It’s too early to start thinking ahead to how the 2018 playoffs could play out. It’s always too early. Even when you’re down to the final week of the season, it’s too early. As soon as you start looking forward to a matchup that’s all but locked in, the hockey gods will notice your happiness and reach down to smite it.
Remember a few years ago when we were all but assured of the first Toronto/Montreal matchup in 34 years, and then it all fell apart on the season’s final day? That’s because somebody out there got excited and ruined it. (That was me. I did that.)
So if your knee-jerk reaction to the premise of this post is “It’s too early, dummy,” then yes, you’re right. But we’re doing it anyway, if only so we can squeeze some enjoyment out of what might happen before we’re hit with the inevitable letdown of what actually does.
Because here’s the thing: The 2018 playoffs are shaping up to be fantastic. With a break here or there, we could get some truly amazing matchups. And not just in the first round, but all the way through. So today, let’s go through the realistic scenarios and try to settle on the best possible way that the entire tournament could play out.
We’re coming at this from the perspective of a neutral fan — obviously, your ideal playoffs would be the one where your team wins the Cup by going 16-0. And the matchups have to be plausible, so we can’t move anybody up or down too many spots in the standings just to create a dream pairing. But as we’ll see, we don’t really have to. With just a few tweaks to the current standings, things get really interesting in a big hurry.
The matchup: #3 Maple Leafs vs. #2 Bruins
Let’s start with an easy one, since this matchup has felt like it was inevitable for most of the season. There’s plenty to like here. It’s an Original Six matchup, it’s two good teams who’ve had some entertaining games recently, and there would be some fun matchup questions, like Auston Matthews vs. Patrice Bergeron.
And of course, the ghost of 2013 would hang over everything. The Maple Leafs’ legendary collapse in that series would be front and centre, even though most of the current roster wasn’t around for it and Mitch Marner doesn’t even look like he was born yet. Toronto fans will get sick of hearing about “It was 4–1” pretty much immediately, but it will add plenty of extra drama for everyone else.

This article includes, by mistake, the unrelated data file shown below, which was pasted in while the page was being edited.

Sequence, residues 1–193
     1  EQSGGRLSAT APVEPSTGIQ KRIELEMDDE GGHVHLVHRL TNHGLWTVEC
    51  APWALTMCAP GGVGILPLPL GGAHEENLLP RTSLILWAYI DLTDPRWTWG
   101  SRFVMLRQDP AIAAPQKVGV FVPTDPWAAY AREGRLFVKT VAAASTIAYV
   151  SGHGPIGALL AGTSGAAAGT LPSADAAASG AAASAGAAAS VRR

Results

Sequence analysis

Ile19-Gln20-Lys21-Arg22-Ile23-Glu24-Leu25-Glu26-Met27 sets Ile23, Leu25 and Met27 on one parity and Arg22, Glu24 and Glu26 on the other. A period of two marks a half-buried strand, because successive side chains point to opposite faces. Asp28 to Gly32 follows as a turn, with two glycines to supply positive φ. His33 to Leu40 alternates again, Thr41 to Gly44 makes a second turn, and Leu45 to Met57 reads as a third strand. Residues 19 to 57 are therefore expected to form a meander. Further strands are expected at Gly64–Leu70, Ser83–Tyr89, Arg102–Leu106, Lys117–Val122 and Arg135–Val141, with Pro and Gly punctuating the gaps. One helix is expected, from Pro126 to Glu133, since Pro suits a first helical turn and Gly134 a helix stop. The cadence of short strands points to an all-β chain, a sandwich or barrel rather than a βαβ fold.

Ideal outcome: This is a little trickier. If you’re someone who doesn’t like the Maple Leafs — and lord knows, there are plenty of you — then your ideal outcome here is a seventh game in which Toronto blows a 5–1 lead, followed by all their fans abandoning society forever and going off to live in the woods. But we’re trying to build the best possible tournament, so we’ll give the Maple Leafs a redemptive win.
The matchup: #WC2 Panthers vs. #1 Lightning
Florida’s late-season charge to an unlikely playoff berth rolls on. They were a dozen points out in January, but have stormed back to make things interesting. They’re a fun underdog story, led by the ageless Roberto Luongo. And if they go on a run, we all get to throw rats at people.
But here’s the best part. If they sneak into the last wild-card spot, look what’s waiting for them in the first round: The first ever Battle of Florida. The two teams have been in the same division for nearly a quarter of a century and have never met in the playoffs. Our ideal post-season makes it happen.
Ideal outcome: Underdog stories are great. Also great: the Lightning, who should win the series easily. Sorry, Panthers.
The matchup: #2 Penguins vs. #3 Flyers
This is a good rivalry that could use some rekindling, and there’s no better way to do that than with a first-round matchup.
These two teams have met in the playoffs three times during the cap era, but not since 2012. You might remember that as one of the crazier playoff rounds in recent memory, featuring games that ended with finals like 8–4, 8–5 and 10–3, and plenty of bad blood along the way.
A repeat performance is too much to ask for, but anything that even came close would be fantastic.
Ideal outcome: As much as the Flyers would love to be the ones to end the Penguins’ reign, we’re going to send the defending champs a little deeper into this bracket. Pittsburgh wins.
The matchup: #WC1 Devils vs. #1 Capitals
Look, they can’t all be dream matchups. But Devils/Caps would give us a nice old-school Patrick Division pairing, not to mention a fun Taylor Hall vs. Alex Ovechkin head-to-head, which would lead to a bunch of “best left winger in hockey” takes that would make Johnny Gaudreau fans really mad.
But if you wanted to swap in the Blue Jackets or Hurricanes here, go ahead. It won’t really matter, because…
Ideal outcome: The Capitals have to advance for the second-round matchup we all know is coming.
The matchup: #2 Jets vs. #3 Wild
Like the Battle of Florida, this is another natural geographic rivalry that’s never actually happened in the post-season. This year looks like the year that changes, with the odds of these teams meeting in the first round creeping past the 50-percent range.